leave the window opened

Discussion in 'English Only' started by quietdandelion, Sep 25, 2007.

  1. quietdandelion

    quietdandelion Banned

    Homesweethome
    Formosa/Chinese
    Are you going to leave the window opened?
    Are you going to have your window opened?
    Are you going to leave your window open?



    I think only the first sentense doesn't make sense; the other two sound right and good. Your comments, please.
     
  2. tepatria Senior Member

    Onondaga, Ontario
    Canadian English
    I agree with you. The first sentence does not sound as natural as the others, though there are times it could be used. The room is freezing cold and your wife is sitting comfortably watching television. You could ask #1, though I prefer open, not opened. Don't forget the question mark at the end of each sentence.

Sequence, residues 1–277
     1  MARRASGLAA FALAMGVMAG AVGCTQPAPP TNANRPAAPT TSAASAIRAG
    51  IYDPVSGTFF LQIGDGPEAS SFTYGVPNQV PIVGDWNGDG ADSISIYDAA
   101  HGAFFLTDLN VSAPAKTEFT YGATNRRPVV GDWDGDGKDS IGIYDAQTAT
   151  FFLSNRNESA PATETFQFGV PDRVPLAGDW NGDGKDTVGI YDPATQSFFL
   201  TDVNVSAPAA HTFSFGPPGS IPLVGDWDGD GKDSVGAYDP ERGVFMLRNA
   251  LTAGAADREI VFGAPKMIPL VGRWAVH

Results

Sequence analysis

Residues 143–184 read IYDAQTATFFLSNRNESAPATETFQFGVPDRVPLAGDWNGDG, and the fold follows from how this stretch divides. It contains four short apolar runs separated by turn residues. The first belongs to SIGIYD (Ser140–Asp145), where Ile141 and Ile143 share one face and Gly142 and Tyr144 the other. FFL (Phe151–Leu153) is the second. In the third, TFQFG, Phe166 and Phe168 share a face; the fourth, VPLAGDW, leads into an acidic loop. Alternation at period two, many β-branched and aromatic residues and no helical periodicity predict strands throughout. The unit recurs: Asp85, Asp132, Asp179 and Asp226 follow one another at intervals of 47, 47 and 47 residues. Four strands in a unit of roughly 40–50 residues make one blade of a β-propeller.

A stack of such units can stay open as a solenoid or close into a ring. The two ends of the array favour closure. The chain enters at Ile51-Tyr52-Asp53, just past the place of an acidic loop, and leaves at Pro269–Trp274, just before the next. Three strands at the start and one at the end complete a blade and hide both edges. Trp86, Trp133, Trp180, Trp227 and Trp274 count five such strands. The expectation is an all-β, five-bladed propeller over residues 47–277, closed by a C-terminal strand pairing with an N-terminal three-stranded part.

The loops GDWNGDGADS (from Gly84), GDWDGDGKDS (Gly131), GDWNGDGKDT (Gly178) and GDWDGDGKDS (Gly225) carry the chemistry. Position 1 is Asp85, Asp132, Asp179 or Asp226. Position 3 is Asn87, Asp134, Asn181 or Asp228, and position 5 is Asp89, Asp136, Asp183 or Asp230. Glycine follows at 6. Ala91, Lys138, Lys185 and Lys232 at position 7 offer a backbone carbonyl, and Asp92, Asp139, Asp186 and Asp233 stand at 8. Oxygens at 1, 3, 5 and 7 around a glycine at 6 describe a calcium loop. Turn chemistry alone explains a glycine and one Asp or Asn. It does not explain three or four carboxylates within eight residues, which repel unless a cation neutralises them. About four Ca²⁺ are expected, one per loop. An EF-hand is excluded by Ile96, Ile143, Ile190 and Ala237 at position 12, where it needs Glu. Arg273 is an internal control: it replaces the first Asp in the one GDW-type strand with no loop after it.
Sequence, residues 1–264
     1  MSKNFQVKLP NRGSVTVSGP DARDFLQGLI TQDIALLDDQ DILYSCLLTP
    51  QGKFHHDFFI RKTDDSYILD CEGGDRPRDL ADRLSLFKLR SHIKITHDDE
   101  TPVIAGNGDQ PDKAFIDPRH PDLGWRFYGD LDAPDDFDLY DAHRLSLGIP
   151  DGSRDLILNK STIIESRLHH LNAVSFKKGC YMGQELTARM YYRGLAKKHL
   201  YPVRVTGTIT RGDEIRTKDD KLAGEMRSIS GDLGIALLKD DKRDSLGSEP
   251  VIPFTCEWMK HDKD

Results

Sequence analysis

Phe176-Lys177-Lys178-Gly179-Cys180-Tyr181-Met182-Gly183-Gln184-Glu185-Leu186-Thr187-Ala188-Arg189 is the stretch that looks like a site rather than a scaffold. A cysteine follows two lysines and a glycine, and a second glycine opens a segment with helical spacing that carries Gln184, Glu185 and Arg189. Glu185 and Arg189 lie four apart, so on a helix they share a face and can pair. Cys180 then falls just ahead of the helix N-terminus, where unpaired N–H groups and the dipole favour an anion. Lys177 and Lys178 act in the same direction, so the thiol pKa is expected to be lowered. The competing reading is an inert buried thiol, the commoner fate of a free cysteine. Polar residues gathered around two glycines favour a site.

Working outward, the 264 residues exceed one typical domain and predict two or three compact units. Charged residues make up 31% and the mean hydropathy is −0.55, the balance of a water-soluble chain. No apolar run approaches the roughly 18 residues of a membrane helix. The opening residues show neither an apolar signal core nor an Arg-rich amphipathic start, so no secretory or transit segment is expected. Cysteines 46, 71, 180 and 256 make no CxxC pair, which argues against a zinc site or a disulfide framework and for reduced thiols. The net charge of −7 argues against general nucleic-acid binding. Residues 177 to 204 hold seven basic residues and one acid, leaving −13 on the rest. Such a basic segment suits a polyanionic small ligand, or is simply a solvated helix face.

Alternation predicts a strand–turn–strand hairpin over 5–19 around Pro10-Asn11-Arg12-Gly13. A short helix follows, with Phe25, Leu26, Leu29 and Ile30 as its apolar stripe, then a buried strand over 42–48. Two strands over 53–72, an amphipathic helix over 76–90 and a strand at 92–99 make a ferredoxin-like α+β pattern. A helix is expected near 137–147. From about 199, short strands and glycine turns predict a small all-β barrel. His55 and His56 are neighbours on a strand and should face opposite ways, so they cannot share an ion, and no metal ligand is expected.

3. quietdandelion

    quietdandelion Banned

    Homesweethome
    Formosa/Chinese
    I'm surprised that the first sentense could be right. Well, it's considered to be wrong here. We regard the third one as being right. Could you spare me a few words as for the reasons why the first one is right? Thanks again.
     
  4. tepatria Senior Member

    Onondaga, Ontario
    Canadian English
    I have rattled my brain and taken another look. I think the first one must be used with open, not opened. Open describes the state of the window, while opened is a verb, so it shouldn't be used here. You really have me thinking very hard this early in the morning. Isn't it your bedtime?:D
     
  5. Thomas Tompion Senior Member

    Southwest France
    English - England